Henry G Manson on how the Tories have made GE2015 easier for Ed
There is a bit of talk as to whether certain Conservative MP are able to be endorsed by UKIP and stand with two party emblems next to their name on the ballots paper. This is now possible under updated election law. This week Peter Bone MP took to the airwaves arguing for joint Conservative and UKIP candidates to take advantage of this:
“There was a tremendous Conservative vote. There were the conservatives that voted Conservative and the conservatives who voted Ukip. The trick is to get us all together again and that’s what we’ve got to do.”
I can see why that would be attractive to the certain individual MPs as they attempt to ride both horses to save their skin. It could be less straight forward for the parties. As weâ€™ve come to appreciate UKIP can now win votes from Labour and in Northern heartlands. If UKIP backed joint candidates with the Tories it could endanger their appeal in many parts of the North where the blues remain so toxic. Look whatâ€™s happened to the Lib Dems in the urban North there as a result of coalition with the Conservative. For UKIP to pull it off it would need a suitable number of Labour MPs to enter in a similar arrangement. This is never going to happen. The party simply wouldnâ€™t permit it.
Being backed by two parties would also raise other issue when candidates become elected and arrive in the Commons. Theyâ€™d potentially experience contradictory whipping operations. Would they be permitted into the 1922 or would their loyalties be questioned? Many Labour MPs have dual â€˜identitiesâ€™ as Labour and Co-op Party MPs. The difference is that the Co-op Party doesnâ€™t stand against Labour MPs and there is no Co-op whip as would surely be the case with UKIP. Conservative and UKIP MPs could pose as many problems as solutions. All in all this seems a clunky response to the fragmented state of British politics and avoiding the bigger problem further upstream â€“ the electoral system itself.
Itâ€™s worth casting more than a momentâ€™s glance at what might have been for the blue party. The electoral system that would suit the Conservatives the most right now is the one they campaigned hard against early in the parliament – the Alternative Vote.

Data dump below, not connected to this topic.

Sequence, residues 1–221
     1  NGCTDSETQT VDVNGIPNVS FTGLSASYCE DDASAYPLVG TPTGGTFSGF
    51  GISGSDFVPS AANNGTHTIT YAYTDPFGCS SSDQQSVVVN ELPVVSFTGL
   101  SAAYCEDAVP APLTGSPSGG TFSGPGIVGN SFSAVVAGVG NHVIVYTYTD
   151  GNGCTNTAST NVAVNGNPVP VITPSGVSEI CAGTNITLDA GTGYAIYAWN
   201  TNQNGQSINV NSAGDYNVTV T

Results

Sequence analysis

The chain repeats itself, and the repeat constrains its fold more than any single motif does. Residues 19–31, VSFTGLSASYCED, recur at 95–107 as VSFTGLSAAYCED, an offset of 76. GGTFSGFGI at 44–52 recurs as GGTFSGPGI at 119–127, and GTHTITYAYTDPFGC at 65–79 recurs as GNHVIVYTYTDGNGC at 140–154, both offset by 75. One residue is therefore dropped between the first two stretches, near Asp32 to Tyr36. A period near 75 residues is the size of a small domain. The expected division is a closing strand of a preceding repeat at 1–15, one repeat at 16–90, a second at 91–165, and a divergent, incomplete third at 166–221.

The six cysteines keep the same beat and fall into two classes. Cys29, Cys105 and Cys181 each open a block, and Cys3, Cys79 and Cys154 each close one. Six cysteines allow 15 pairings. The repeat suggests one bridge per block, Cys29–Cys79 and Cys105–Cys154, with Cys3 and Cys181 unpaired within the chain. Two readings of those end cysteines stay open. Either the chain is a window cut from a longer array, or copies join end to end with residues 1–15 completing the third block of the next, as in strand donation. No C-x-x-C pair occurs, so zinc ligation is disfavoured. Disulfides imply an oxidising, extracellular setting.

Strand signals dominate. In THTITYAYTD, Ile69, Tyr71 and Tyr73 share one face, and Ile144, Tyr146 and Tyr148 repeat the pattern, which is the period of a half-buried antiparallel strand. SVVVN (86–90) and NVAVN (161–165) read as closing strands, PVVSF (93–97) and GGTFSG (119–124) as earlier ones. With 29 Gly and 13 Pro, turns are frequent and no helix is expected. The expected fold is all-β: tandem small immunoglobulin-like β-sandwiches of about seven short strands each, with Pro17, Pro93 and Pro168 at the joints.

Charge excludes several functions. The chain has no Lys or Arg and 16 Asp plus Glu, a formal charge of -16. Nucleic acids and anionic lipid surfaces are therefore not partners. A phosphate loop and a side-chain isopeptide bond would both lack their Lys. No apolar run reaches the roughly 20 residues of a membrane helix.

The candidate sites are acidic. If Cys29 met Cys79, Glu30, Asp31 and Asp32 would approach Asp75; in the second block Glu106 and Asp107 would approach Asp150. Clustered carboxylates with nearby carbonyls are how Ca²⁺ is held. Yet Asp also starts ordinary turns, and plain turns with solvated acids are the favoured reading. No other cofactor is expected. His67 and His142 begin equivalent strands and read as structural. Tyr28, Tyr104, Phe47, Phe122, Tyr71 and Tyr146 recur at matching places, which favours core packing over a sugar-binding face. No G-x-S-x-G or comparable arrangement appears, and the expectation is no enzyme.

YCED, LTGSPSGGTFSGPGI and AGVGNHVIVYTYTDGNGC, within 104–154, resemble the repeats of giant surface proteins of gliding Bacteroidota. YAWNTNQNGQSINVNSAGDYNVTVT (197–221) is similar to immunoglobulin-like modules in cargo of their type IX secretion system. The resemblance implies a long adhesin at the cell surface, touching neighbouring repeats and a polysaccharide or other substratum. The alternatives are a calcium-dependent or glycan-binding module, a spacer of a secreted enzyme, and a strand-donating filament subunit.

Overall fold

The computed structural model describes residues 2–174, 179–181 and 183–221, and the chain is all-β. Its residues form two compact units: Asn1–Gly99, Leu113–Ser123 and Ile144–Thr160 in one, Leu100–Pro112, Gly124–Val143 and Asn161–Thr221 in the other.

This would have effortlessly allowed right-leaning voters to support UKIP first and Conservative second without fear of â€˜splitting the voteâ€™ and letting in Lib Dems or Labour.
Instead David Cameronâ€™s Conservatives are now going to have to try and win back the support of UKIP while not alienating their more moderate supporters. Not an easy task. Itâ€™s all well and good Boris Johnson arguing that the rise of UKIP is good news for conservative ideas â€“ but here speaks a man who isnâ€™t going to be held account for the outcome of the next general election and has to fret about marginal seats.
What does seem strange looking back is how the official Yes 2 AV campaign went out of its way not to include UKIP in its campaign. Instead as a result it gave the impression of being a liberal middle class enterprise rather than one based on some wider democratic concerns with First Past the Post that would have almost certainly included UKIP. Comfort zone politics at its worst. If an AV campaign and referendum were re-run today I wonder if the result would different with Farage on the platform? Iâ€™m pretty sure it would.
Is there any regret at all among Tories that they opposed AV in the referendum? I donâ€™t see any sign of it despite it possibly being a pivotal moment for the party.
Will much of the UKIP vote come to the Conservatives closer to election as some at CCHQ hope? Iâ€™m not certain. Itâ€™s starting to look like First Past the Post could make it harder for Conservative Party to win power in the years ahead – itâ€™s certainly helped give it a stinking headache with UKIP now.
Despite his support for it, Ed Miliband could well be the biggest beneficiary of AVâ€™s defeat. As with the avoidable collapse of boundary changes, the Labour leader is starting to look lucky.